Nik Semenoff

      April 25, 2010 at 1:29 am

      • Thanks so much! I’ll check out your blog right away and let you know if I have any questions.

        elliott

        April 25, 2010 at 8:01 am

    • Yes, first you have to buy photopolymer plates (solarplate). you can find them at amazon where they have the best quality, then go in buy a washer and dryer photopolymer machine don’t have to be expensive. wash off the desings you want and add to your letter press

      alexlora

      April 20, 2011 at 5:55 pm

  10. just wanted to know if you can use winter green oil to do image transfer on aluminum plates. i normally use turpentine.

    andree

    January 9, 2010 at 3:52 pm

  11. Hi Hennie:

    You will have to switch to waterless as recycling the plates is very safe and simple. I rarely use a new plate, except when I feel the smoother grain of the recycled plate not right for the material I am using for imaging. Some plates have been reused more than 30 times. There is lots of information on that at my university or personal blog sites.

    Nik Semenoff

    June 19, 2010 at 2:57 am

  12. I’ve been teaching the aquatint process for a couple of decades, but have recently noticed that powdered rosin doesn’t create as much fine dust as it used to. It seems to settle out very quickly, leaving a fairly course grain on the plate. I remember that a newly charged rosin box should produce a thicker cloud than it does. I wonder if anyone else is experiencing this issue. Do you think this has anything to do with the humidity in the studio. Last year, our university has renovated its heating and cooling system. My box is homemade and uses a vacuum cleaner blower. I use graphic chemical powdered rosin. Thanks for the great forum!

    Ralph Slatton

    November 9, 2010 at 4:30 am

  13. I am interested in using charbonell waterbased inks. Are they as good as the traditional etching inks?

    artymouse

    February 6, 2011 at 11:36 pm

  14. I am in my thesis semester at the University of Mississippi and I would like to etch into car parts (i.e. doors, bumpers, mufflers). I was wondering if anyone had any experience in this. I would like to know what acids would be a good etchant and if I would have to remove paint, etc?

    Robbie

    March 7, 2011 at 11:49 pm

  15. I don’t know exactly what materials would eat away the paint and metal, but a lot of stuff is etched or eaten in the screenprinting world. We used to sell and use a lot of acid etch for glass….same with metal. And discharge is all the rage with t-shirt printers, heat activated, that might do funny things to a car.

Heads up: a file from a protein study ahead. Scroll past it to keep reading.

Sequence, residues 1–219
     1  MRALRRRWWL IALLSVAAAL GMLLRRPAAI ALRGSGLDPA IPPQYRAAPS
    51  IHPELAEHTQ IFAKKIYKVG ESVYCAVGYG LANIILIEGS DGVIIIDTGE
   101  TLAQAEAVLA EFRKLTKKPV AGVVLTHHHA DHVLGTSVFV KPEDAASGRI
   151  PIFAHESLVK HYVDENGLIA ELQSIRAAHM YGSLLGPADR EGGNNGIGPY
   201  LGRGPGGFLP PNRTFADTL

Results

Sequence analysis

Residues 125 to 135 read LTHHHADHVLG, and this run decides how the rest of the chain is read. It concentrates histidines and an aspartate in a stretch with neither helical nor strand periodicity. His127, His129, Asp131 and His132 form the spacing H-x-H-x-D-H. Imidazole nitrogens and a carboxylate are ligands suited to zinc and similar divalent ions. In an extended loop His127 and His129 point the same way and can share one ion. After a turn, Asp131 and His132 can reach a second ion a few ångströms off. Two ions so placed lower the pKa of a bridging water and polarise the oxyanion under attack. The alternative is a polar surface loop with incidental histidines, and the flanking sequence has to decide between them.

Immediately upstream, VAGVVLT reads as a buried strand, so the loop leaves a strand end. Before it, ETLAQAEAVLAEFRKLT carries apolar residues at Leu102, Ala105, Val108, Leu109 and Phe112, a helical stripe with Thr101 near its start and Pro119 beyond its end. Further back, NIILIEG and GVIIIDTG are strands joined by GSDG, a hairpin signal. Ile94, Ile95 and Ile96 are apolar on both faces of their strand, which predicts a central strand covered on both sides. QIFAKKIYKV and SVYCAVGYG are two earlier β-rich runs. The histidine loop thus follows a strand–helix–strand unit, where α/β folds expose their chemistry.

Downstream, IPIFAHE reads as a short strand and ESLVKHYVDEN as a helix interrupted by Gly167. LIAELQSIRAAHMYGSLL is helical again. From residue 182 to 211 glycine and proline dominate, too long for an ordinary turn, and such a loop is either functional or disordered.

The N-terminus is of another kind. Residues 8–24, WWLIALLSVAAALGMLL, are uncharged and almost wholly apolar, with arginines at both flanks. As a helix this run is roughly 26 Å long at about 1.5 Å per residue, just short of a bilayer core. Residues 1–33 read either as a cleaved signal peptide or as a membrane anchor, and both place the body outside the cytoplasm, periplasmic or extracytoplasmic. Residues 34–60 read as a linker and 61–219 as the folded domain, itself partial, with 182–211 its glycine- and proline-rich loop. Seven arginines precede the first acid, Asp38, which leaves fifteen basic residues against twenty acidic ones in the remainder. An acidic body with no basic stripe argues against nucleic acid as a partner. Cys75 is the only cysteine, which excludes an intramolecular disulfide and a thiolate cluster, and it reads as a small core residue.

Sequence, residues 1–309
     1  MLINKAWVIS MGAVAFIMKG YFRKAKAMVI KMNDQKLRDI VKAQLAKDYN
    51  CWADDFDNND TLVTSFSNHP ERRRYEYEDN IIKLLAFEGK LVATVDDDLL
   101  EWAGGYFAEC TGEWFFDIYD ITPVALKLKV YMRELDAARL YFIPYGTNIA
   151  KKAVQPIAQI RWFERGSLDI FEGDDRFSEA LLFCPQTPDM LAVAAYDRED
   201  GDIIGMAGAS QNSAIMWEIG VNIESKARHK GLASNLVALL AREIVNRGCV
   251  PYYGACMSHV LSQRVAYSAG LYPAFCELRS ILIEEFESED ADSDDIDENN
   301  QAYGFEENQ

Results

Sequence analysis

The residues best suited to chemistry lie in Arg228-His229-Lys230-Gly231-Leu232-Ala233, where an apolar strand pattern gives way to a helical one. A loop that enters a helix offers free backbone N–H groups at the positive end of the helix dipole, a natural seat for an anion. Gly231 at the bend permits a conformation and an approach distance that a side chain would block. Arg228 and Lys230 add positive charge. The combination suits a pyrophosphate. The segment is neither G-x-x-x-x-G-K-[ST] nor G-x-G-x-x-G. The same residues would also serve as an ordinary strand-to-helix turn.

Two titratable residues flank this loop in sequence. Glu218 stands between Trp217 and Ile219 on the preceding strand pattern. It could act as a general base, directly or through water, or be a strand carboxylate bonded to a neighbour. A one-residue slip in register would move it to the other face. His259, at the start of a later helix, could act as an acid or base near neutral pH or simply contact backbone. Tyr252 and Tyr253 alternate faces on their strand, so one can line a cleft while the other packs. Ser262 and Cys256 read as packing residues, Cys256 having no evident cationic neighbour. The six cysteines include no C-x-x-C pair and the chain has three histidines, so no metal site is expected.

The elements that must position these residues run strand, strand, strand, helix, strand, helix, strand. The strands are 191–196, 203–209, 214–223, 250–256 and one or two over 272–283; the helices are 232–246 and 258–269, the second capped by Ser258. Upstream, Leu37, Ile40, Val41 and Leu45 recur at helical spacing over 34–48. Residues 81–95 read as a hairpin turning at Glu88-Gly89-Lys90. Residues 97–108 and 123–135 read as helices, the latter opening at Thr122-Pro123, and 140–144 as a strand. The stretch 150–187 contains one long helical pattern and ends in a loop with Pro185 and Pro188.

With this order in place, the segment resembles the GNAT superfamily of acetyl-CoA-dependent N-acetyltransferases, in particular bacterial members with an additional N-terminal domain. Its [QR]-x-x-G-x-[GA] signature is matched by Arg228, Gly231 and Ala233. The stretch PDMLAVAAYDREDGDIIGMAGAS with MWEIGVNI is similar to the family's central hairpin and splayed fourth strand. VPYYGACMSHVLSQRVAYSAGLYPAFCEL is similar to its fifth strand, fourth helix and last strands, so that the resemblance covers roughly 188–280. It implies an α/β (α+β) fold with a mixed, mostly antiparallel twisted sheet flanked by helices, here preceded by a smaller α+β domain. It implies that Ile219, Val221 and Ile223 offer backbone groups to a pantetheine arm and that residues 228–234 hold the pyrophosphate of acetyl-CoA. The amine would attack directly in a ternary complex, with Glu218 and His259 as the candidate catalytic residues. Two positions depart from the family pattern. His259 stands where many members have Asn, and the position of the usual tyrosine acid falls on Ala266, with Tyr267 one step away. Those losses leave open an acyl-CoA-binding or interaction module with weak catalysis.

Check with sgia or a local screenprinting supply house for materials, or the chemistry department.

    Andy macdougall

    March 8, 2011 at 12:31 am

  16. Re:charbonell waterbased inks -I have not tried those and am concerned about having a skin form too quikly

    I HAVE been using Caligo Safe Wash Ink I love it.

    Since I have used the oil based inks in school years ago and just got back into printmaking -at home and since my basement is not so well ventilated I wanted to eliminate having to use solvents while I print.

    The benefits are that these inks ARE oil based and wash up with soap and water very well! I even rinse out my cheese cloth/tarlitans and get more use out of them -I wash them (not with clothing) and my shop rags in the washing machine -good as new!

    Take care to make sure your paper is well blotted and squeegeed or your ink will run.

    The tack can be adjusted with etching oil or transparent extender -since it is oil based -It handles the same and can sit out on your mixing slab without drying too fast or forming a skin!

    Evan

    March 8, 2011 at 7:02 pm

    • Hi Evan

      I have been struggling with the Caligo Safe Wash Inks, I have been using them with collagraph and they are a nightmare.. and the finish is very flat! Have you some advice that might be of help?

      Julie

      mycuriousteaparty

      April 17, 2011 at 12:01 pm

  17. Question. It’s been suggested that I presoak my etching paper the night before a day of printing, wrapping it in plastic and putting it under weight after. Should the paper be squeegeed or blotted first? Thanks
    Suzy

    suzy flood

    March 10, 2011 at 9:46 pm

    • yes , drain the paper and blott it before putting it in the plastic overnight. It will still retain moisture.

      marcel

      March 13, 2011 at 10:18 pm

      • thanks for the reply. i soaked it for 25 min (somerset velvet 300g) lightly drained it and wrapped it. when i got to the studio the next day i blotted it all and used it straight away. it was GREAT. saved so much time and the paper was really evenly moistened. a great success, especially for editioning!
        thanks

        suzy flood

        March 15, 2011 at 4:09 pm

  18. hello there, i am trying to achieve large flat areas of saturated colour by using aquatint etching onto steel. All i can get so far is patchy dull results. I dont think i am overwiping the plate and am using correctly dampened paper and sufficient pressure. any ideas ? please help!

    marcel

    March 13, 2011 at 10:14 pm

    • marcel-